Amazing how quickly time flies by… just wow! This was a year ago already – my experience serving as a teacher for English learners. Today, I was privileged to be part of the Reading in the Content Areas classes, and share about culturally responsive teaching with the K-12 and secondary teacher candidates and about my sabbatical experience.  Joining me today were two EL experts from our community with years of experience working with English learners and integrating Culturally Responsive Teaching (CRT) into their teaching.  Culturally Relevant Pedagogy is another term for Culturally Responsive Teaching. CRP can be defined as… “A pedagogy that crosses disciplines and cultures to engage learners while respecting their cultural integrity. It accommodates the dynamic mix of race, ethnicity, class, gender, region, religion, and family that contributes to every student’s cultural identity. The foundation for this approach lies in theories of intrinsic motivation” (Wlodkowski & Ginsberg, 1995, para 2).

Today was a wonderful opportunity to engage in dialog around CRT with our future teachers, who – no pressure – are responsible for changing the world one learner at a time. Best of luck to all – and enjoy! Life is short – so share it with others.

Wlodkowski, R.J., & Ginsberg, M.B. (1995). A framework for culturally responsive teaching. Educational Leadership, 53(1), 17-21.

edUconnections

blog-1-12-17-sabbatical-reflection-n
You may have heard the phrase… “Everything I need to know I learned in kindergarten.” It was true… until my sabbatical. What is a sabbatical you may be asking? It is a time to reflect, a time to renew, a time to reenergize, and a time to start fresh…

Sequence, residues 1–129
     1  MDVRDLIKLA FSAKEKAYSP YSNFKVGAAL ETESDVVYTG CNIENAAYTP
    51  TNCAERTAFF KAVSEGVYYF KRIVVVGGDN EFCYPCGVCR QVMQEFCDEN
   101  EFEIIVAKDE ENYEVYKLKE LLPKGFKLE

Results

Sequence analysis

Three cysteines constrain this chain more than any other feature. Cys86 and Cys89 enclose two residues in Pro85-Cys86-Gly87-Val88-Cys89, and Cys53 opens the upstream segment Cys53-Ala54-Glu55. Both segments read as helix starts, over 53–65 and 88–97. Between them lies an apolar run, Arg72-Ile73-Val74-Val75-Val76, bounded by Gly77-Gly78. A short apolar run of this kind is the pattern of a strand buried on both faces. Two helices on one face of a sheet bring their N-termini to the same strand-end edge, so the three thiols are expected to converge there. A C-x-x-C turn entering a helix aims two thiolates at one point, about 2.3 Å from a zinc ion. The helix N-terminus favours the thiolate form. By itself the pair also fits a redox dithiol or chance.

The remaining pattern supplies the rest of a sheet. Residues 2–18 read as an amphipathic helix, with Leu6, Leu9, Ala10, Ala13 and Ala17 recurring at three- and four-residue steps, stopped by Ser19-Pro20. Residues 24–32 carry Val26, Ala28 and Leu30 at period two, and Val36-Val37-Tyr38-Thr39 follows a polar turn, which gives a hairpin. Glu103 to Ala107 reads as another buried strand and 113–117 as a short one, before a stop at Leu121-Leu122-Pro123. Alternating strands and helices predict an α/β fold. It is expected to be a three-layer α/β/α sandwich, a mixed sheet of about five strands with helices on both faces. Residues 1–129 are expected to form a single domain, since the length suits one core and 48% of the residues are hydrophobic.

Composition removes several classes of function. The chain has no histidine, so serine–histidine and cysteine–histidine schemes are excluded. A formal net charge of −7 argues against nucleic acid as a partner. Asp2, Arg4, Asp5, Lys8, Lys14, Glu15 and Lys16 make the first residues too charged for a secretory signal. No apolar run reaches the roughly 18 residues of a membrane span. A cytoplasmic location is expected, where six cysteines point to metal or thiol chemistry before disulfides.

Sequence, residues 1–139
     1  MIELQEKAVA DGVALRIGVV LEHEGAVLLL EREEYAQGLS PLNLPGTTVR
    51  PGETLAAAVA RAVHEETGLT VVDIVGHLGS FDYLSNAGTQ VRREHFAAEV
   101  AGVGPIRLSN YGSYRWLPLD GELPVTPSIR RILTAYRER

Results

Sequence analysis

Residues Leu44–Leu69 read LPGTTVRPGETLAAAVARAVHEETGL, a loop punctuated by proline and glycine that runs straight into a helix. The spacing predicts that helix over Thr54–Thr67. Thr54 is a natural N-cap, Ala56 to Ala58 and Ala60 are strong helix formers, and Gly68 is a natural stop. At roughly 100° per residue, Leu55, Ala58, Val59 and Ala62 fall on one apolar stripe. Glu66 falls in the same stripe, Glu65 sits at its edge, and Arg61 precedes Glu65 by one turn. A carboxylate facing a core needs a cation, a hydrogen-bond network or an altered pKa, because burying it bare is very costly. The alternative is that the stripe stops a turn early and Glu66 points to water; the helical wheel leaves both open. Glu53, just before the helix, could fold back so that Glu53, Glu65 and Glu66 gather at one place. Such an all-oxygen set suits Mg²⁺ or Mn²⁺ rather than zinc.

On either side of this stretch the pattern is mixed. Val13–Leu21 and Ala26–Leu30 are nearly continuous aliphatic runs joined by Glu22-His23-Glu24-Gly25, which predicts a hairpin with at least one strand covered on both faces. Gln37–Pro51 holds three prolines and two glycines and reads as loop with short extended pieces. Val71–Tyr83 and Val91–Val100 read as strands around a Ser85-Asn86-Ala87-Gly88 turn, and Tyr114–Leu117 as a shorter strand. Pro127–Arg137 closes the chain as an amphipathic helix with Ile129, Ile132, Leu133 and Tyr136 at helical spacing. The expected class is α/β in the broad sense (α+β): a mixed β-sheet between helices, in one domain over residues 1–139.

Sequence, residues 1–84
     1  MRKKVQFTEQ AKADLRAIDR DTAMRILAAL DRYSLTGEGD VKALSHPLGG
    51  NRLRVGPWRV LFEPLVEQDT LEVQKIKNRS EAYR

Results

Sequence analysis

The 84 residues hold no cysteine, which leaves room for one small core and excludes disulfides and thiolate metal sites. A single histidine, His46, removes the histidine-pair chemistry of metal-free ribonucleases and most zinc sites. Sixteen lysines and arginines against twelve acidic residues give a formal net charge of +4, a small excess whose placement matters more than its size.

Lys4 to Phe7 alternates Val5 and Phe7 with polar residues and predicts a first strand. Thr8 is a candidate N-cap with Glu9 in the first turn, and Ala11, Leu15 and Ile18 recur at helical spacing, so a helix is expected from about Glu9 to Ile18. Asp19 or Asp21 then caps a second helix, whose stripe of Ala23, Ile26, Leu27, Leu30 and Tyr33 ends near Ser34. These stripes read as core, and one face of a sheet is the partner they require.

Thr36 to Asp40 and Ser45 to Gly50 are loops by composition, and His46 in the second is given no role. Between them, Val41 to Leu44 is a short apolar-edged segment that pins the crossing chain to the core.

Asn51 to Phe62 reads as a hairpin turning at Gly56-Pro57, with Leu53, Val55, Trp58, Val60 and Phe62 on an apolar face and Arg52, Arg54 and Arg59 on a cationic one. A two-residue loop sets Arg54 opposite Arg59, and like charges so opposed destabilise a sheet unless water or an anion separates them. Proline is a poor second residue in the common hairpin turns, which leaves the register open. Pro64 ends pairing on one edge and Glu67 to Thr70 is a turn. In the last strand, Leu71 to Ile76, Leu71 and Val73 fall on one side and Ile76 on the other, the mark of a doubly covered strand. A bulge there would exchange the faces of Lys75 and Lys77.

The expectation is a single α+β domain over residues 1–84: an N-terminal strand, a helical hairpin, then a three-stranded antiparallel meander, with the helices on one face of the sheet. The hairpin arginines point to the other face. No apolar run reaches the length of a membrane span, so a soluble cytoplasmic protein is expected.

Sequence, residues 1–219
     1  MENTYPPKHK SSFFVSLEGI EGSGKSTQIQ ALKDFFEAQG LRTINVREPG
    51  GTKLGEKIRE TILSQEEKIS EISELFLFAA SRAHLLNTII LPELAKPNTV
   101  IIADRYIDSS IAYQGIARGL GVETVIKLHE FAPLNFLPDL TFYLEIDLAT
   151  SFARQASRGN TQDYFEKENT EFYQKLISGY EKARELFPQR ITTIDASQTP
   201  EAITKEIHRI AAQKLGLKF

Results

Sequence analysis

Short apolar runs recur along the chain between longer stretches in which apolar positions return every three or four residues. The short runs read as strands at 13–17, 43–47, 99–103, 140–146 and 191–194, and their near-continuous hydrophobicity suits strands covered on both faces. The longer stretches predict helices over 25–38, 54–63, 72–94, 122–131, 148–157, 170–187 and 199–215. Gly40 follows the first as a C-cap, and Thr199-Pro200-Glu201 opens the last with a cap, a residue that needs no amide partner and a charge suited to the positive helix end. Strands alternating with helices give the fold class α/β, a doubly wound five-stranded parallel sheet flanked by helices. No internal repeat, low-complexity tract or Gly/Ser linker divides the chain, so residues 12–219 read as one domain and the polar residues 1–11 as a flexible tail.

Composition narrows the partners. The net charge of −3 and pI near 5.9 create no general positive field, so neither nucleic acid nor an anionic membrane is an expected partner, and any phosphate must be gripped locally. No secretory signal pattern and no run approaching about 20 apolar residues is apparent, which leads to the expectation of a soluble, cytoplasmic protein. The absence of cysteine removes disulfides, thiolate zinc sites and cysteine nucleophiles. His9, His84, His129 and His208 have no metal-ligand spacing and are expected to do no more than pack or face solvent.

Some spend time during sabbatical researching, writing books, focusing on different work, and/or relaxing on location. It provides an opportunity to try something new and to stretch professionally in ways that have been imagined during stressful days…or unimagined. My imagination originally directed me toward writing a book and relaxing. At least that was what I imagined when my sabbatical seemed far off. As my sabbatical began approaching my imagination had a new image in mind, which would require an intense amount of time, energy, and emotion. You see my sabbatical experience took on a life of its own in a PK-2…

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The Delivery of your Message Matters!

Blog words power

Mentor Teacher: What did you think of your lesson?

Student teacher: It didn’t go as well as I wanted.